Grand Valley’s Children’s Enrichment Center has been awarded four stars by Great Start to Quality, through the Michigan Department of Education. It is Michigan’s first rating and improvement system for early learning and care.

Programs and providers can earn between one and five stars, based on the number of state standards they meet. The stars rating system started in 2012 and is based on five categories, including staff qualifications, family/community engagement, management, learning environment and curriculum.

About one-third of all licensed child care providers are participating in the program, which is implemented by Early Childhood Investment Corp., a nonprofit organization.

The 42-year-old center provides early care and education for children of student parents, faculty and staff members, and community members. Learn more at or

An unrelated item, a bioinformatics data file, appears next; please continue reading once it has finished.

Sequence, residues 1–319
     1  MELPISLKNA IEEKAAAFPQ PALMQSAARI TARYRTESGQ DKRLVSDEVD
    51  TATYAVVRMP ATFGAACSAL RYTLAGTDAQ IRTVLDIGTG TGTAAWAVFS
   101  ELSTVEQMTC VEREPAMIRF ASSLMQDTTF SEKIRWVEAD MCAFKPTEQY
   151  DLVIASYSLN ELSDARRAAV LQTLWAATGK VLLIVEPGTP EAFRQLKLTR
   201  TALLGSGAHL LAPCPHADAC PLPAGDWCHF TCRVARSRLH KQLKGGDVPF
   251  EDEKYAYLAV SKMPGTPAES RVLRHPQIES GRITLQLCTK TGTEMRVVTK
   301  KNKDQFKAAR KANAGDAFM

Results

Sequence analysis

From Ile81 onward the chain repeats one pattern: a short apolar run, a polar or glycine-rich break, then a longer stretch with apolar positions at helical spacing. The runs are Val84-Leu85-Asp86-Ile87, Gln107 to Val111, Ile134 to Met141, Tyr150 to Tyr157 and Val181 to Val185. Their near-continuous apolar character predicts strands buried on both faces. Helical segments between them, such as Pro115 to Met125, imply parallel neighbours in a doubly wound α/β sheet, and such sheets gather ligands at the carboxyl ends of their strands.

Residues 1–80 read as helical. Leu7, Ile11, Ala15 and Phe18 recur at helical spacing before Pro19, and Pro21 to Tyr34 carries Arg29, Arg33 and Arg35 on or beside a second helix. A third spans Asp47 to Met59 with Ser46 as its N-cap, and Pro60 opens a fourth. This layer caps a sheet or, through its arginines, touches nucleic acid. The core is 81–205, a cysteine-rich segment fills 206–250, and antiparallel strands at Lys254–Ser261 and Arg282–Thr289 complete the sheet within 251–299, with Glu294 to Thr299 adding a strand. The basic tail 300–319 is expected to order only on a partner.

Enrollment tops 25,000, includes largest first-year class

Students have enrolled in record numbers at Grand Valley this fall. The campus welcomed a record number of first-year students at 4,226, bringing the total number of students to 25,094, hitting a major milestone for the university.

The percentage of minority students is also a record high 15.6 percent; there is a record number of international students, with more than 400 enrolled; and a record number of out-of-state students enrolled, 1,384. There’s also an increase of students from southeast Michigan.

Campus life night crowd

Pictured is Campus Life Night, an annual event that draws thousands of students. Enrollment at Grand Valley surpassed 25,000.